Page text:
Which was banned by the BBC?
These idiots banned it because the word ‘morphine’ was used! Instead of seeing it was an ANTI-drug song. I’ll tell you—snobs, they’re amazing people. They can’t see the forest for the trees. It really messed with [our label] UA.
Didn’t they have Hawkwind who got banned at the same time?
But Hawkwind had a big hit with ‘Silver Machine’ so they brought in the gravy. I used to drop acid with their lead singer. Me and him and the rest of the Groovies, we went down on acid to J. Geils debut show in London in ’72. We were snowballin’! We went to get tickets but they were sold out. So we go to the alleway on the side of the Lyceum—where Mozart played!—and there’s all these bums sitting on couches, and I see the stage door … and we’ve all got leather jackets with studs and motorcycle shades … so I start pounding on the door and the doorman opens up like, ‘Here! Wot’s all this?’ ‘Hey man! We’re J. Geils! We’re late!’ So he lets us in and closes the door—‘That’s it! Nobody else is getting in!’ So then the real J. Geils shows up and they can’t get in! Meanwhile, the Hawkwind guy gave acid to some hippie chick and she was flipping out to the point an ambulance was coming, and the only reason J. Geils got into his own show was because when the ambulance came, the doors opened again! They were real pissed. Flamin Groovies were like the Little Rascals of rock. Complete pranksters! I put cigarette loads in Dave Edmunds cigarette when he was sitting across from me in a restaurant reading the menu. I used to be a magician when I was a kid, so I opened the back, pulled out a cigarette, stuck the load in, put it back and waited for the fun to begin. Edmunds was not pleased!
Didn’t you get the phrase ‘Teenage Head’ from some time you were on acid with Kim Fowley at a folk fest?
That’s true! I dropped two tabs that were 1500 mg each. He was getting a contact high off me! He had me in hysterics! Every time some little chippie would walk by, he’d immediately come on to her. ‘We’re available … we’re looking for teenage head!’ I laughed so hard that when I woke up the next morning, my mouth was wide open and stuck that way for an hour. We even said it to Linda Ronstadt! Let me tell you, she was not pleased!
Did you have bands you were friends with in San Francisco? Or were you the oddballs?
We were young—Jefferson Airplane, the Dead, Quicksilver, the Charlatans all had like ten years on us. I’m in high school when the Groovies formed. As a matter of fact, I just saw footage of us playing a party for the Democratic Convention in ’68. We were the Democratic Party’s rock band in ’68. If they had live music, that was us! I smoked pot with Ted Kennedy—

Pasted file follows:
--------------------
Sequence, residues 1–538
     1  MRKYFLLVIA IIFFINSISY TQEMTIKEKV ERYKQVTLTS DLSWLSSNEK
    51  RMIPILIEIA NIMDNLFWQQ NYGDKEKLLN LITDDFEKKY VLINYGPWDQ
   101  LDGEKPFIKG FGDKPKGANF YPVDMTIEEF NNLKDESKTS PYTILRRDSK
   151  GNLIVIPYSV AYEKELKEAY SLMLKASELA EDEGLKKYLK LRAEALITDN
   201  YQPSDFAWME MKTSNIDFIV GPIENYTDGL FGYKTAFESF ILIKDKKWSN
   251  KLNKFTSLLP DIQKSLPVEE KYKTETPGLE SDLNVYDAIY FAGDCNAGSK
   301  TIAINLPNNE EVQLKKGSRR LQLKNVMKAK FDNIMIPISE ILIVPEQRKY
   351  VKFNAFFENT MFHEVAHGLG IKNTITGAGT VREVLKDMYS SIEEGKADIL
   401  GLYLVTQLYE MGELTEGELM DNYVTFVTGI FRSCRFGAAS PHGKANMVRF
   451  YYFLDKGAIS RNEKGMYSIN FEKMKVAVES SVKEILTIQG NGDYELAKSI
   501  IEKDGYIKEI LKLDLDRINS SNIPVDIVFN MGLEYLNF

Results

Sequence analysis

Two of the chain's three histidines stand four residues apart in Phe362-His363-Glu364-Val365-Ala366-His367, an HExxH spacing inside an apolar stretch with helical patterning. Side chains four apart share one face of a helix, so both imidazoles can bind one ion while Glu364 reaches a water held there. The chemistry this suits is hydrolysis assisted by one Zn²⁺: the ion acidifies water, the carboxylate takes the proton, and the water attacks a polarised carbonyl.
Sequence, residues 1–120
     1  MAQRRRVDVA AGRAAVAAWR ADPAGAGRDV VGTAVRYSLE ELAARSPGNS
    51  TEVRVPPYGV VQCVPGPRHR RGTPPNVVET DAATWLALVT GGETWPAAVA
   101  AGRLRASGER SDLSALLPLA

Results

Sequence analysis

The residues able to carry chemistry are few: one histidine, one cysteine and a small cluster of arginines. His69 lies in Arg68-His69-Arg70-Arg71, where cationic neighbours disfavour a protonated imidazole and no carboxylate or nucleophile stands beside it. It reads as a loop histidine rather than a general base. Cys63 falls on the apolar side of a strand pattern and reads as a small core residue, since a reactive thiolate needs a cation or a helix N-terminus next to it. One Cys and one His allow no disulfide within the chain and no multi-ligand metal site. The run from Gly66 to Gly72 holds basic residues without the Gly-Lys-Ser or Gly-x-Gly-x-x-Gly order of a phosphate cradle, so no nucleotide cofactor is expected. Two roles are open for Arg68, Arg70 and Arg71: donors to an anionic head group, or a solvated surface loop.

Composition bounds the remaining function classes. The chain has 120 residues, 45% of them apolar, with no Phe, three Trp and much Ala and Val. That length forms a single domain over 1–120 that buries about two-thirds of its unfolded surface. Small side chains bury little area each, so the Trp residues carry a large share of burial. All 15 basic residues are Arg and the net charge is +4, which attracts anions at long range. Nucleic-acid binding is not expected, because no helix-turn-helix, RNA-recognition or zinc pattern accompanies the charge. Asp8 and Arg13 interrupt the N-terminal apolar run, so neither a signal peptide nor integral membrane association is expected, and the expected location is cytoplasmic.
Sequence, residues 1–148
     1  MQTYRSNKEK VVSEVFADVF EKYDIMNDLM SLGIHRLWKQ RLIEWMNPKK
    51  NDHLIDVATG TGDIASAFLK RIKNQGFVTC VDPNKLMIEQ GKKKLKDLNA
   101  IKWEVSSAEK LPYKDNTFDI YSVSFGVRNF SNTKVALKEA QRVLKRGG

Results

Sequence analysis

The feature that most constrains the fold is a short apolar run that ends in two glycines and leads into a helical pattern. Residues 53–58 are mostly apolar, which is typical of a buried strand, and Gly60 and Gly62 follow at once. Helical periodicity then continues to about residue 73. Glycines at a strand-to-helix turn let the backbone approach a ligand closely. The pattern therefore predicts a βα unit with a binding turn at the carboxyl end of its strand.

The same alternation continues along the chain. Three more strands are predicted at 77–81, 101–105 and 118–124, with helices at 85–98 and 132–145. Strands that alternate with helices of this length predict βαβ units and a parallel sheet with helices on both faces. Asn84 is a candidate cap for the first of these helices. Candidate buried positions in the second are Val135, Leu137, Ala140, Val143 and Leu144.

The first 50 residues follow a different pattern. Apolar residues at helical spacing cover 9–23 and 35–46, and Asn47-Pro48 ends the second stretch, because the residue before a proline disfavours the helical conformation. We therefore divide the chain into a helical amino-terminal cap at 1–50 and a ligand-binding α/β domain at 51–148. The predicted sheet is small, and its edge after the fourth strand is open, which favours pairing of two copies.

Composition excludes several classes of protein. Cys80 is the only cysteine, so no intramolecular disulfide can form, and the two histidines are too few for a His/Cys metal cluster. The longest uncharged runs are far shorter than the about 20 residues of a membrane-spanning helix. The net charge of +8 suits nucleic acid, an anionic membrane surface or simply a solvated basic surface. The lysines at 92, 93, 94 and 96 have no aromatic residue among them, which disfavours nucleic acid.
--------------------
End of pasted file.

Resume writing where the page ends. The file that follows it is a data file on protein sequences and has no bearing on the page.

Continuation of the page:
Were you 18?
So there weren’t multiple felonies.
I’m really depressed I didn’t think of encasing it in Lucite. The Kennedy roach! Lemme tell you, Rock Hudson was a big fan of the Groovies. He used to come see us. He was one of the biggest guys I ever met—I came up to his elbow. And Ted Kennedy was as big as Rock—a huge guy! All these little people were dancing around him. We finished our set and I go outside and light a joint, and Herb Caen—I guess he coined the term ‘beatnik’—he’s out there, and he’s like, ‘Where you from?’ ‘We’re from San Francisco! We’re the only band from San Francisco out of all these hippie bands!’ I give him the joint and he takes a big hit, and then Ted comes out and it’s the three of us in the street, and a cop car drives by … I look over like, ‘Man, I can’t wait to see what’s gonna happen next!’ Herb takes a big hit and passes the joint to Ted without looking at him, and Ted takes the joint and takes a HUGE hit! Like he sucks it down to ¼ of an inch. I’m like, ‘Ah, better roll another one!’ And then a week later Bobby gets killed.
Speaking of Rock Hudson … when you were after teenage head, were you after teenage head from … girls?
Oh, definitely. Let me clear something up! There’s a lot of urban legends about the Flamin Groovies. A lot of stuff that’s not true—at least it wasn’t true back then. One of them—we created a person named Flower Boy Venus, and we’d talk about him in interviews. He was a really rich Swiss German guy, a billionaire that was crazed about rock. We had him produce ‘Married Woman’ on UA. We were gonna kill him off if we got bigger and bigger—send out a press release that he got killed at some wild party in Geneva, and see if it got into the press.
The sound between the Roy era of the band and the Chris Wilson era changes so much—it’s like a totally different band.
I agree—the first period was the Stones version. That really climaxed with Teenage Head. Rodney Bingenheimer told me Mick was listening to Teenage Head that summer. Every time he’d go over, he’d hear it!
There are songs the Stones made then that sound like they’re imitating you!
I know! We were doing that to each other. That was something I was very proud of back then, but nobody knew but us and the Stones! We rehearsed in ’72 at the Stones’ studio in Birmansea—they were in France cutting Exile—and the first night we set up, we started to play ‘Little Queenie’ and Ed Leach comes down with a big tray of tea and crackers, saying, ‘It sounded like the boys were back!’ I met the Stones a couple times in ‘65—I was backstage and got thrown out! With Rodney! We’d crash the backstage at the Cow Palace from ’62 to about ’66 or ’67.
Did anyone recognize you later? ‘Hey, it’s that kid from the Cow Palace! Who got kicked out!’